This week, more people are Googling slutbag and slampiece than ever before. Both terms are in the news, owing to an Anthony Weiner’s micro-scandal and a viral e-mail. Both are relatively new. Most critically, both are confusing. Is slutbag worse than slut? What does slampiece mean, anyway?
Whereas established insult suffixes –head and –hole have obvious corporeal meaning, the etymology of –bag and –piece is debatable. Each term contains morphemes from established slang compounds (douche bag, ho bag, dime piece, side piece), but to what meaning? Though curse words are famously flexible, usage is nevertheless bound by some rules. (Appending bag to slut yields a meaningful term, but slutpiece is nonsense.) After a great deal of web search, survey, and personal experiment, I have compiled the following rules for –bag and –piece.
Bag words are pejoratives. As a disparaging term for a woman, the OED dates bag to 1924 novel (turned Clara Bow movie) The Plastic Age, in which frat-boy protagonist Hugh Carver announces:
I can’t see that I have done anything that is going to ruin the name of Nu Delta. I don’t get potted regularly or chase around with filthy bags or flunk my courses or crib my way through.
When applied to terms indicating female promiscuity (slutbag, whorebag, ho bag) the term remains remarkably similar to its 1924 predecessor, both in meaning and rude fratty use. Appended to a promiscuity-related pejorative, bag may connote female unattractiveness (old bag); a repository for waste (trash bag); a repository for human waste (cum dumpster); and/or abundance (bag full of sluttishness). Language Log notes that scumbag, now a non-sexual pejorative, used to be slang for a condom.
Time’s Swampland traces slutbag references dating to Sally Clark’s early-nineties play Life Without Instruction: “She’s a right slutbag. Gets that from me. When she started her brothel — I was her first customer!” The term appeared in mainstream movies like Uptown Girls in the mid-aughts; Neal Pollack used the phrase “ridiculous slutbag spree” to describe Lindsay Lohan’s behavior back in 2005. Nonetheless Google Trends suggests slutbag’s current popularity may overshadow its past.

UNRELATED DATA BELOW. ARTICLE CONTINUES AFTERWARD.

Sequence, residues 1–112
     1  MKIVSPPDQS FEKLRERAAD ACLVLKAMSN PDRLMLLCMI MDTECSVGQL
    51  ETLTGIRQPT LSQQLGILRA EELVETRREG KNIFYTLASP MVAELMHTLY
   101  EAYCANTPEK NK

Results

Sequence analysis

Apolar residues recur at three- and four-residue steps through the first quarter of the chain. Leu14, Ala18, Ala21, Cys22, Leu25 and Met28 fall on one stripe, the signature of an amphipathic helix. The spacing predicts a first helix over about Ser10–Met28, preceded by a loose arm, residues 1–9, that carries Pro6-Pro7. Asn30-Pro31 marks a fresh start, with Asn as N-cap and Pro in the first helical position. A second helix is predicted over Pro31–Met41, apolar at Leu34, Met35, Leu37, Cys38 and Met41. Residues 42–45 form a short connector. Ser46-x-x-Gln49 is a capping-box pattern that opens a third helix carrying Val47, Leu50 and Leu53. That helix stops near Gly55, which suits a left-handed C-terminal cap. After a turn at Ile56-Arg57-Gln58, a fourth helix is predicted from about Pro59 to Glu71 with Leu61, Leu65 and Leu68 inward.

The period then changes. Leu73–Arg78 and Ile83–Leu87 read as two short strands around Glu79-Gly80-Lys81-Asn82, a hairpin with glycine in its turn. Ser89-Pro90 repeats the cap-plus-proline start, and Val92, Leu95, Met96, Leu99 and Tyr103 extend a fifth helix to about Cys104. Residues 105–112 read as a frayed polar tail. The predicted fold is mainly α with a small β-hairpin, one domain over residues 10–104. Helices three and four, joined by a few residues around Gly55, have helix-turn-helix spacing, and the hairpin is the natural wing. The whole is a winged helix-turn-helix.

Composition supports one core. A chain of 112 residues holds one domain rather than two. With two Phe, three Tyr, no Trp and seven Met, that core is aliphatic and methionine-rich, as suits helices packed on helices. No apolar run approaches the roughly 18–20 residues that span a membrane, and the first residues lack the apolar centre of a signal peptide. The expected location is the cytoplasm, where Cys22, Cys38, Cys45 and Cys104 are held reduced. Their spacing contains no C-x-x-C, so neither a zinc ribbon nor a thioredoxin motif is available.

Initially I assumed slutbag shared an origin with douche bag, but I now suspect this is false etymology. In the world of vaginal irrigation, douche bag refers to the plastic sack that holds the fluid used for douching; thus, the douche bag is not a repository for viscera-tinged waste, but the source of it. Early pejorative uses describe people prone to verbal spewing, like this 1968 Punch humor story: “’Send them away!’ she hissed. ‘If they are found here, those douche-bags will incriminate us all.’” The modern douche bag, however, tends to be an arrogant male jerk. (Gawker’s Douche of the Decade was Girls Gone Wild founder Joe Francis. In true douche-bag form, he responded with legal threats and a picture of a muscle-bound chest “because you seem to be quite sexually obsessed with me.”) Despite several turn-of-the-decade attempts to end use of the pejorative, Google Trends shows an uptick in the steady rise of douche bag, dating almost precisely to when bloggers started trying to ban the term.
Shitbag, meanwhile, is the switch-hitter of the –bag universe. Sometimes shitbag functions as a personal insult, like when a Miami-Dade fire captain was fired for blaming Trayvon Martin’s death on “failed, shitbag, ignorant” parents. Sometimes it refers to a metaphorical bag of shit, like when Morgan Stanley employees joked about naming toxic derivatives “ShitBag.” And sometimes shitbag merely means “a lot,” like a bag that is overflowing. (Don’t break that dollar, I’ve got a shitbag of coins in my purse.) When that happens, both bag and shit signal bounty (shitload, shit ton).
Though slampiece is pejorative, some –piece words have positive connotations. As an objectifying term for a sexually desirable woman, piece has been in use for centuries: “A Fair young Lady and widow is a rich piece of Stuff Rumpled,” wrote Scottish noble Henry Cary, Fourth Viscount Falkland, in 1664. A piece of tail may be pleasant as a piece of cake, but modern usage no longer requires prepositional phrases. A woman can be a piece — context defines whether she is a desirable piece of ass or lamentable piece of work. Slampiece tends to have rude connotations, since it suggests violently thudding sex (cf. slam and scram) with a woman you consider an object. It’s so rude that Jezebel’s notorious slampiece e-mail was probably a rude prank.
But dime piece describes a woman who is “bangin’, hot, beautiful, a perfect ten,” according to Urban Dictionary’s most popular definition. “Dime piece definition of a chick / Nice, sweet educated independent fly thang,” Nick Cannon sings in 2006’s “Dime Piece.” The –piece of dime piece refers to a piece of money.
Dime piece is still objectification, but in a positive way, like that incessant Swingers line, “You’re so money and you don’t even know it.” Dime piece, then, is the greatest of all pieces, and better than most of bags, too.